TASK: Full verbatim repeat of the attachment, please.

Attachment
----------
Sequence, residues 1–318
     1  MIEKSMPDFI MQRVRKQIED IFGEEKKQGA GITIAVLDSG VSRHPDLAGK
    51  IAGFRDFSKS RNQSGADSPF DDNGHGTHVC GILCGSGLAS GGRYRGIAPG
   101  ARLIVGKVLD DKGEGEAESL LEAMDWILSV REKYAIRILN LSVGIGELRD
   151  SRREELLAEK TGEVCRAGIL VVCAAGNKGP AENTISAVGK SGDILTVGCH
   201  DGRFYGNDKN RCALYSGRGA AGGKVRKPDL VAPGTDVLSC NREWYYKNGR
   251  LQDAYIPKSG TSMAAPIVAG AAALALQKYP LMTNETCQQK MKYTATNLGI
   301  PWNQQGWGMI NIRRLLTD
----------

Sequence, residues 1–318
     1  MIEKSMPDFI MQRVRKQIED IFGEEKKQGA GITIAVLDSG VSRHPDLAGK
    51  IAGFRDFSKS RNQSGADSPF DDNGHGTHVC GILCGSGLAS GGRYRGIAPG
   101  ARLIVGKVLD DKGEGEAESL LEAMDWILSV REKYAIRILN LSVGIGELRD
   151  SRREELLAEK TGEVCRAGIL VVCAAGNKGP AENTISAVGK SGDILTVGCH
   201  DGRFYGNDKN RCALYSGRGA AGGKVRKPDL VAPGTDVLSC NREWYYKNGR
   251  LQDAYIPKSG TSMAAPIVAG AAALALQKYP LMTNETCQQK MKYTATNLGI
   301  PWNQQGWGMI NIRRLLTD